Life on the Other Border: Farmworkers and Food Justice in Vermont

In her timely new book, Teresa M. Mares explores the intersections of structural vulnerability and food insecurity experienced by migrant farmworkers in the northeastern borderlands of the United States. Through ethnographic portraits of Latinx farmworkers who labor in Vermont’s dairy industry, Mares powerfully illuminates the complex and resilient ways workers sustain themselves and their families while also serving as the backbone of the state’s agricultural economy. In doing so, Life on the Other Border exposes how broader movements for food justice and labor rights play out in the agricultural sector, and powerfully points to the misaligned agriculture and immigration policies impacting our food system today.

Praise for Life on the Other Border

Life on the Other Border is at once a critical analysis of the inequities, fear, and invisibility experienced by dairy farmworkers in the picturesque landscape of Vermont and a compelling tribute to them. The individuals and families Teresa M. Mares introduces in this book inspire us toward a more truly just and equal society as they care for one another, advocate for fair treatment and policy, and provide us with the food that nourishes us.”

––Seth M. Holmes, author of Fresh Fruit, Broken Bodies

“Mares reveals the multiple borders that Vermont immigrants contend with, applying border theory well beyond the familiar US–Mexico border. Life on the Other Border will be a revelation to many readers who think that border surveillance primarily affects the US–Mexico borderlands or who associate Vermont with a bucolic landscape full of family farmers and happy cows. Ultimately, she shows how Latinx immigrants have suffered for the dairy industry and why, against all odds, they have become the new leaders of farm worker justice in the United States.”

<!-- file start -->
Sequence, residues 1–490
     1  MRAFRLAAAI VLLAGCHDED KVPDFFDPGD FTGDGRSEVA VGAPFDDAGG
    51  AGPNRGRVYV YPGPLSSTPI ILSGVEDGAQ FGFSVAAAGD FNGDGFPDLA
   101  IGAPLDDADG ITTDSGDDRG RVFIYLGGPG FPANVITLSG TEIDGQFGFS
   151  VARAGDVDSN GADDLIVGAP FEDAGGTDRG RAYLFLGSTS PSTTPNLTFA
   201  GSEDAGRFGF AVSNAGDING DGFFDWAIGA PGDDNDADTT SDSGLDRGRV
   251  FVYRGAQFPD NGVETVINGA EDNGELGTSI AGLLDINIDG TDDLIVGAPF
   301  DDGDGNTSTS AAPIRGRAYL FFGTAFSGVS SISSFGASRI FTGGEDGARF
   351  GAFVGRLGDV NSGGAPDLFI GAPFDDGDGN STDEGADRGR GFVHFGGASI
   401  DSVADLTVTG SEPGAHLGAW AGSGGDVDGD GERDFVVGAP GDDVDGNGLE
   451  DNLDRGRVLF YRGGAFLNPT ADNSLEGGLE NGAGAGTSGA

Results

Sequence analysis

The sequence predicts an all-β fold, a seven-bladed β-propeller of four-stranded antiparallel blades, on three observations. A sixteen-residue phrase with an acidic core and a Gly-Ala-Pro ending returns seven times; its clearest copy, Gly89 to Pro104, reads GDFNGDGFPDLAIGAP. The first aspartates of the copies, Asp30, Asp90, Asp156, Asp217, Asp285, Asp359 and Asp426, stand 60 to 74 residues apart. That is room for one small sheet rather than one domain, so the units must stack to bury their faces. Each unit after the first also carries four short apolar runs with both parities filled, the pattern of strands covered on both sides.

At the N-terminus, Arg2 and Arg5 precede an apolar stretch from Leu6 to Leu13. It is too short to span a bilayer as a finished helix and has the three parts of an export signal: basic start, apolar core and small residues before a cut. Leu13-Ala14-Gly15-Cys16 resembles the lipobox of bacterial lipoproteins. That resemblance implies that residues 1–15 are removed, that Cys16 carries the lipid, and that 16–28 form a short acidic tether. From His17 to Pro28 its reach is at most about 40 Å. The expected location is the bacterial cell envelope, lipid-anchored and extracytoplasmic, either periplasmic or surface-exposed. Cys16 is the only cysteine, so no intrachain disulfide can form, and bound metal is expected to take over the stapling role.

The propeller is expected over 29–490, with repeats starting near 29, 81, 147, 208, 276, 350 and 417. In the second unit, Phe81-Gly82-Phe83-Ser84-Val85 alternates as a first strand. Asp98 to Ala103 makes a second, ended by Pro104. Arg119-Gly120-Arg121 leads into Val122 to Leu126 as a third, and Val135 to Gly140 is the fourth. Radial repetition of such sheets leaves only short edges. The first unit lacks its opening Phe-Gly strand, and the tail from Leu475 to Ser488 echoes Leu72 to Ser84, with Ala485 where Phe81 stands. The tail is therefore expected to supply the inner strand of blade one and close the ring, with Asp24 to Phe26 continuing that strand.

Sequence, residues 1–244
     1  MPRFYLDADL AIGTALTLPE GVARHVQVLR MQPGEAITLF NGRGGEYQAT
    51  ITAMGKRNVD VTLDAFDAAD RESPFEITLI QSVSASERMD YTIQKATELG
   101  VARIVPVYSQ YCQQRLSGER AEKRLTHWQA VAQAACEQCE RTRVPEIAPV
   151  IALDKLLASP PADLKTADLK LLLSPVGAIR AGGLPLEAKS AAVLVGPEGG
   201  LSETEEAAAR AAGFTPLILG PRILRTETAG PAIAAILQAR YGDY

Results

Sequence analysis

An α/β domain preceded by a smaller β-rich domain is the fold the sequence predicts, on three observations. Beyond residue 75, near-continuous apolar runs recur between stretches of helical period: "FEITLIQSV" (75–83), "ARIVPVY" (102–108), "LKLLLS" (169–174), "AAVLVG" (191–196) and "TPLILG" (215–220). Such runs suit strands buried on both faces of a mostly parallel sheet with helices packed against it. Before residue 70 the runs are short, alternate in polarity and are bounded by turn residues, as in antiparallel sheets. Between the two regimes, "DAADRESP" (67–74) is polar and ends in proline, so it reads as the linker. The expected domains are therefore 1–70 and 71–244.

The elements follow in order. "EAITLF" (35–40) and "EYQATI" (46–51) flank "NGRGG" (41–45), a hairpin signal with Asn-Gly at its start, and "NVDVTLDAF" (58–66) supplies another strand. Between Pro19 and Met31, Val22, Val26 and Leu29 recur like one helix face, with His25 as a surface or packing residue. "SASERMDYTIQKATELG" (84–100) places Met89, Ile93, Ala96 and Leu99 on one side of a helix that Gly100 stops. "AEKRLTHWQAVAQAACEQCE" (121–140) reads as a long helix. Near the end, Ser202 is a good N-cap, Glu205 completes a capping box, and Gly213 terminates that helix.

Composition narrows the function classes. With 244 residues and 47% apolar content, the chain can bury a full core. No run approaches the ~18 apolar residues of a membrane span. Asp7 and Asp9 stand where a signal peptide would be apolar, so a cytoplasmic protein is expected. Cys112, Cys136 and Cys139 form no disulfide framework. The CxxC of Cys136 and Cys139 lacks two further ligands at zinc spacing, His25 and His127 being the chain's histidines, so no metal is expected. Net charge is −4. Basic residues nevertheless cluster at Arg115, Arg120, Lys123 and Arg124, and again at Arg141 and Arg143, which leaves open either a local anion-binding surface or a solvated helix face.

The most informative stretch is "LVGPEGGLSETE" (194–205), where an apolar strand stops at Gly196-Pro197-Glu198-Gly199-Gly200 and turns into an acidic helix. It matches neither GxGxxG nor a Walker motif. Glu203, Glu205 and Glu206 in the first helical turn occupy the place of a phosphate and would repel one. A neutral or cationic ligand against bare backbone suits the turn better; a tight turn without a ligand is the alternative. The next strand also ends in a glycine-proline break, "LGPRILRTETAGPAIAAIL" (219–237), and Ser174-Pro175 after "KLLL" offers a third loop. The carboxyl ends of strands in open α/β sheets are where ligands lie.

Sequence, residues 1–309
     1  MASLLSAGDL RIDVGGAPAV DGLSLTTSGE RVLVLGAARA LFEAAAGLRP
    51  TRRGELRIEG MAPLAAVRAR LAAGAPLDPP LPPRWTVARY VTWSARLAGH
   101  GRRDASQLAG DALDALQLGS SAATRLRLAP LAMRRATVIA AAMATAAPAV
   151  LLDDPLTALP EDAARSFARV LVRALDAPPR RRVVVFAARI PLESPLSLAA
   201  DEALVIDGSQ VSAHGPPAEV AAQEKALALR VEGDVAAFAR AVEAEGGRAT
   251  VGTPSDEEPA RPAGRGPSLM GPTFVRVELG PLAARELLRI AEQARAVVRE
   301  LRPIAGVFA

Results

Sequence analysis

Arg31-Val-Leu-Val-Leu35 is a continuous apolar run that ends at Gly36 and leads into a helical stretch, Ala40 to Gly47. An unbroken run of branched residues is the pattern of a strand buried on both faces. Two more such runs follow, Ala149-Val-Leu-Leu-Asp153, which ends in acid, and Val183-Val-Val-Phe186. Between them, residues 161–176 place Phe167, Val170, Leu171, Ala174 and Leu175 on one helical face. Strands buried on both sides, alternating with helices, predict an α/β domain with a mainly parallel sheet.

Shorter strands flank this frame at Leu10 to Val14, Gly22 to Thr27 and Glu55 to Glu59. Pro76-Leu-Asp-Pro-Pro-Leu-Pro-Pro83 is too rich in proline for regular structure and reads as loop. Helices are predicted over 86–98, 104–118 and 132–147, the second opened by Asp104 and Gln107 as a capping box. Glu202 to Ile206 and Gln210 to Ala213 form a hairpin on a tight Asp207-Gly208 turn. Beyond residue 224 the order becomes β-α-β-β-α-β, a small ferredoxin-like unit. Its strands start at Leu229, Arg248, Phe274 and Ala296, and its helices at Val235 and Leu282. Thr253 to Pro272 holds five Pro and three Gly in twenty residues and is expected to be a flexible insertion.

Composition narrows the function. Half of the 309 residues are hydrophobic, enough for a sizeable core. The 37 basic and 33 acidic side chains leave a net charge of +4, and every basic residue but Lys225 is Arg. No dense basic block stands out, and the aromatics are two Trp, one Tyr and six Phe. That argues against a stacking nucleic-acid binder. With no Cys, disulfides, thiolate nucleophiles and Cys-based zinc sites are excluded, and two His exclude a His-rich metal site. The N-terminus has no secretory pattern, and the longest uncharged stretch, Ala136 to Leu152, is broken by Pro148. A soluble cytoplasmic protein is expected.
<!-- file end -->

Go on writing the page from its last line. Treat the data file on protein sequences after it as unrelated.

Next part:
––Matt Garcia, author of From the Jaws of Victory: The Triumph and Tragedy of Cesar Chavez and the Farm Worker Movement

“This book breaks new ground by examining the intersections of the global food system, migration, gender, and food practices of resistance and resilience among Mexican and Central American farmworkers in Vermont. Most are undocumented workers and have to contend with their proximity to the Canadian border and the dangers of being arrested or even deported. This is a timely and highly significant ethnography.”

––Ellen Oxfeld, author of Bitter and Sweet: Food, Meaning, and Modernity in Rural China

About the Author

Teresa Mares is an Associate Professor of Anthropology at the University of Vermont. Dr. Mares’ research focuses on the intersection of food and migration studies, and she is particularly interested in the ways that the diets and foodways of Latino/a immigrants change as a result of migration. She is committed to applied, community-based ethnographic methodologies. Other recent publications include “Eating Far From Home: Latino/a Workers and Food Access in Rural Vermont” co-written with Naomi Wolcott-MacCausland and Jessie Mazar, forthcoming in Food Across Borders: Production, Consumption, and Boundary Crossing in North America; and “Another Time of Hunger” in the edited volume Women Redefining the Experience of Food Insecurity.

Header image by Larry Lamsa / Flickr